Where: The Coach House
When: Friday, Sept. 10, 2021
Upcoming: Ingram's upcoming performances include a high-profile performance at the El Rey Theatre in Los Angeles on Wednesday Sept. 15, and at the Ryman Auditorium in Nashville, TN on Sunday, Sept. 19
Information on Christone "Kingfish" Ingram: ChristoneKingfishIngram.com
Information on Harlis Sweetwater: https://www.harlissweetwaternow.com
Although he is only 22, rising bluesman Christone "Kingfish" Ingram is already a bona fide star. He proved all that and more throughout a thrilling performance at a packed Coach House on Friday night. For 100 wonderful minutes the Clarksdale, Mississippi native and his top-notch three-man band delivered a masterclass in the blues.
On the heels of the release of his outstanding sophomore album 662, Ingram focused on the powerful originals that fill that 2021 disc during his performance in Orange County. Indeed, only a couple of tracks from his 2019 Alligator Records debut Kingfish were featured on Friday, with the rest of the terrific material coming from his very personal follow-up.
Christone "Kingfish" Ingram and his backing trio at The Coach House.
After the three members of his band (handling drums, bass and keyboards) took the stage and began playing, the distinctive lead guitar work of Ingram could be heard over the P.A. system; he soon came down the stairs leading to the stage and joined his mates for an extended blast through "She Calls Me Kingfish."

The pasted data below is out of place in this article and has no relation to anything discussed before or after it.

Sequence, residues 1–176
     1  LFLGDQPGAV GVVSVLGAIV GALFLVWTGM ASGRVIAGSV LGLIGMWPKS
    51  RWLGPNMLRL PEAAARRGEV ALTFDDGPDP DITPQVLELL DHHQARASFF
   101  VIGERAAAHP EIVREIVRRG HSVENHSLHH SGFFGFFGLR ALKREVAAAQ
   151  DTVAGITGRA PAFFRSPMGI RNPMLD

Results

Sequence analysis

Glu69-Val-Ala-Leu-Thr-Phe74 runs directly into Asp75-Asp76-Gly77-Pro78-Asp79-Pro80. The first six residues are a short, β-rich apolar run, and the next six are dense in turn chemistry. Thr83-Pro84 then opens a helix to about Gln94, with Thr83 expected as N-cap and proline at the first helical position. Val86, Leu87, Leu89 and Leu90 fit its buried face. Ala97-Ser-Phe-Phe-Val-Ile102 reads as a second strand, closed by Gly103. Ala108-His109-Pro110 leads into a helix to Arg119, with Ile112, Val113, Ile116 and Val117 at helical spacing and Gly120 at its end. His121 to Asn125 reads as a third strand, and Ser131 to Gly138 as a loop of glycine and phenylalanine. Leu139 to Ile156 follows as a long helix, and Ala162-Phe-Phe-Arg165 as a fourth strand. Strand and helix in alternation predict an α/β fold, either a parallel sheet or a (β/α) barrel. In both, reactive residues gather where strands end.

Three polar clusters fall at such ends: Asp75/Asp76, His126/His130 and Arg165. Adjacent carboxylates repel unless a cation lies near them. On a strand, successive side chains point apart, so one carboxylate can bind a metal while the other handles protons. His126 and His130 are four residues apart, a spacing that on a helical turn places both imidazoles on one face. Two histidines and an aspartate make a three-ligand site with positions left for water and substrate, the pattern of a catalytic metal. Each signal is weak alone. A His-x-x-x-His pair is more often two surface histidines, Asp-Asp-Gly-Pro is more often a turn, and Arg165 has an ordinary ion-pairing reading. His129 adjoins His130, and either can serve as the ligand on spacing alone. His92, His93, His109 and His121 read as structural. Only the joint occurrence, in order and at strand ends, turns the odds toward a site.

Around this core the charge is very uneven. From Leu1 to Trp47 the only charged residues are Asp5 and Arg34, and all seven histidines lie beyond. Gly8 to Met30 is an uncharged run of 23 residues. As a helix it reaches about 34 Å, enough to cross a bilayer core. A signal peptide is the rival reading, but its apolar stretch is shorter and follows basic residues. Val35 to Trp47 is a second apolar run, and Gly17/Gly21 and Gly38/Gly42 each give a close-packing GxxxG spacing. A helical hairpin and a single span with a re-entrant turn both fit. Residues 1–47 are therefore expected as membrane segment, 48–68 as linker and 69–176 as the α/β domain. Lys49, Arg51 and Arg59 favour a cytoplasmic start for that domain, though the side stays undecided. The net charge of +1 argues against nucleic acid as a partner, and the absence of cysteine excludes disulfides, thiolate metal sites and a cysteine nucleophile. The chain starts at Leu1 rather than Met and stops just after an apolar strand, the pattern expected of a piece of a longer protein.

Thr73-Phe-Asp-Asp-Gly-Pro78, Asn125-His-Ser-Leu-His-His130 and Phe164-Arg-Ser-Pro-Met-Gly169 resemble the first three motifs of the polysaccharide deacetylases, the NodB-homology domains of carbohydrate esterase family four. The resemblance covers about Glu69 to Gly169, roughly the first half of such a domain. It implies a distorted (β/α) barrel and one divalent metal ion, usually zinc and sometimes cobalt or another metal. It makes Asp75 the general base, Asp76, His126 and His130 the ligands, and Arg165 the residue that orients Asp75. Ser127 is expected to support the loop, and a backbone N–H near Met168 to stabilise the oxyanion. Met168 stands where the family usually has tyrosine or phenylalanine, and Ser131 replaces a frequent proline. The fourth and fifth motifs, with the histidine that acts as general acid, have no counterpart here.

The second song, "Fresh Out," spanned 10 minutes and provided ample opportunity for Ingram to display his amazing lead vocals along with his technically flawless and artistically aimed electric guitar work. His slower third cut, "Another Life Goes By," found Ingram singing: "Where does hate come from and how can we make it stop? / We got to make some changes before somebody else gets shot." His guitar work was the equal to his affecting verses; at one point stylish jazz chords were used amidst his signature lead guitar work to bolster the moment.
Indeed, watching Ingram in a full-length headlining set allowed this writer to fully appreciate his command of blues, often bringing in elements of jazz and blues-rock into the mix. He could bring his fret work down to a whisper and suddenly unleash volcanic power to bolster an instrumental section.
A highlight of the night had to be the marathon-length version of "Your Time Is Gonna Come," where Ingram walked out throughout every part of the crowd showing off his lead guitar magic. He even went upstairs and went into one of the private booths and appeared for all the hundreds below to see.
The semi-acoustic "Something In The Dirt" and "Listen" were a savvy change of pace before he picked up the momentum via the reflective "Already Gone," fiery "Not Gonna Lie," soul gem "That's All It Takes" and hard-edged blues rocker "662."
The strong encore featured the undeniable blues groove "Long Distance Woman" and a scorching reworking of the Jimi Hendrix classic "Hey Joe" – the latter enhanced by an effective reggae break.
Harlis Sweetwater at The Coach House.
Opening the bill was Huntington Beach-based singer-songwriter/guitar great Harlis Sweetwater. Accompanied by his own flashy work on guitar (electric and acoustic), the artist used his powerful Billy F Gibbons-styled vocals to deliver both originals and covers well received by the sold-out crowd.
His powerful opener "Got Me A Woman," uptempo "Big Bad Bill" and rootsy "Cold Ground" were among the highlights of his 40-minute set. After performing a version of Muddy Waters' "Still A Fool" late in his outing he received high marks when he told the crowd "You are keeping the blues alive."
At the Coach House on Friday night, both Sweetwater and Ingram made a pretty darn good case that the blues are still alive and well in 2021.
Review by Robert Kinsler
Photography by Bob Steshetz